In September 2008, an excavation was conducted along the road leading to Modi‘in cemetery (Trig. Point H-477; Permit No. A-5528; map ref. 199106–23/648142; Fig. 1), after mechanical equipment had damaged an ancient cistern. The excavation, undertaken on behalf of the Israel Antiquities Authority and financed by Modi‘in Development Company, was directed by A. Shadman, with the assistance of A. Hajian (surveying) and T. Sagiv (field photography).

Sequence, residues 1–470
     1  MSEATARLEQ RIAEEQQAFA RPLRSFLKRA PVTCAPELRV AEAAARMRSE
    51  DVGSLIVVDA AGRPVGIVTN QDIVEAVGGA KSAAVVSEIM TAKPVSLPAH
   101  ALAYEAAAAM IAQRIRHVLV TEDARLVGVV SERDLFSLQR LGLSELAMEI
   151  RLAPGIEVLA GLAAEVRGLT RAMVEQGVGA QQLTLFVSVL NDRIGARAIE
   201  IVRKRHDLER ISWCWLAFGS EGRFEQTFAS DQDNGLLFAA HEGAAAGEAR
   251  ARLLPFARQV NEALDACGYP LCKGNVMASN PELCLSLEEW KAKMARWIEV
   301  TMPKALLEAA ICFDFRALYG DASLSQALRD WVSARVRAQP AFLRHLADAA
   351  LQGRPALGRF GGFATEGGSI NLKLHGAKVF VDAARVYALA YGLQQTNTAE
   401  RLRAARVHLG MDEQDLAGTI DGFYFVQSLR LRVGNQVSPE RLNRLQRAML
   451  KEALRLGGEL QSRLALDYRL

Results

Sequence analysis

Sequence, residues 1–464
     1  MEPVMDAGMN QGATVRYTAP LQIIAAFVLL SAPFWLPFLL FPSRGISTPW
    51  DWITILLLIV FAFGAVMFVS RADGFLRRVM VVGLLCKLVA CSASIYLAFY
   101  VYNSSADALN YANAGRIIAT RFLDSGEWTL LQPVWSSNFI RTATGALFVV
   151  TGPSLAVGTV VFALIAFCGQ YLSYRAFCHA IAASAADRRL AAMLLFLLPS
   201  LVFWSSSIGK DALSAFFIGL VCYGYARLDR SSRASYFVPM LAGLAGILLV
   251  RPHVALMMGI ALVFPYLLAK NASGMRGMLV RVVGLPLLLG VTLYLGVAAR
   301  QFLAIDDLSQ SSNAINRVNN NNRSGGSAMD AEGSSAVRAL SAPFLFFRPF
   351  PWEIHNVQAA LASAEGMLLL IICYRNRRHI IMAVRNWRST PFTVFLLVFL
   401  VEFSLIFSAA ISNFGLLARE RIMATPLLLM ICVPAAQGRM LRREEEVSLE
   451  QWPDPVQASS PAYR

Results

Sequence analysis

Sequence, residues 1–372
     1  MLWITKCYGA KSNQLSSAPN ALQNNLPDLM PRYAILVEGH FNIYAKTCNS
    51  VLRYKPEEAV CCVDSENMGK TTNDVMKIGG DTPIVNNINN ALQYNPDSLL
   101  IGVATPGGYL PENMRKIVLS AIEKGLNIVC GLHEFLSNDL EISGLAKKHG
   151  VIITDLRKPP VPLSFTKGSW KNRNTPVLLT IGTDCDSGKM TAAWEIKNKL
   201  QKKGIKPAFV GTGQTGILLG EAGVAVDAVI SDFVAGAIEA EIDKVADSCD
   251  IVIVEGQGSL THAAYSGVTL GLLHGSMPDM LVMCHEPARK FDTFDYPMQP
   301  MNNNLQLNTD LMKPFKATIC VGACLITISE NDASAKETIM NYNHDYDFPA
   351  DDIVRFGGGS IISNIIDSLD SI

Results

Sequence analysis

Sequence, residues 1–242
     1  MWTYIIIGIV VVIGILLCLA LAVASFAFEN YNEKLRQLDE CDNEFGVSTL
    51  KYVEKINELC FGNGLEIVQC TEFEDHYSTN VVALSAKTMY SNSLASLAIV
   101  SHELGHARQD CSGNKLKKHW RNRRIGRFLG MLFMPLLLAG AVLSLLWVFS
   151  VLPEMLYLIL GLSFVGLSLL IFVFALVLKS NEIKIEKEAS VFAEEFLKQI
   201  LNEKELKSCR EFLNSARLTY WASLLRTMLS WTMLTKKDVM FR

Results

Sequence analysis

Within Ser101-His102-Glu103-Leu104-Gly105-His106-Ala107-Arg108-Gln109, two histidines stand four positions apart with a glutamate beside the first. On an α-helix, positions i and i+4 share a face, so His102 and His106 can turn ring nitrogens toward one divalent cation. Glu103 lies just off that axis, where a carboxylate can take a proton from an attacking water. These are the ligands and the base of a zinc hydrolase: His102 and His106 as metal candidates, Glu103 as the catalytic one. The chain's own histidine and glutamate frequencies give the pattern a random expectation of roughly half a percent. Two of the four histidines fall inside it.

An excavation square (2.5 × 10.0 m) was opened along the route of the pipeline whose installation had damaged a bell-shaped water cistern hewn into the bedrock (0.8 m diam., c. 2 m deep). The mouth of the cistern and a pile of large stones to the west of it were discovered on the surface. A cover stone placed over the cistern’s opening had been cracked by mechanical equipment when the pipeline was installed (Fig. 2). The upper part of the cistern was lined with medium-sized fieldstones, whereas its lower part was plastered. The cistern was not excavated due to safety concerns. A few stones discovered immediately to the north of the cistern had acted as a gutter to drain rainwater. The cistern was part of a well-developed agricultural system serving most of the ancient settlements that existed in the region. Based on the dates of settlements in the vicinity, the cistern may have been used during the Byzantine and Early Islamic periods.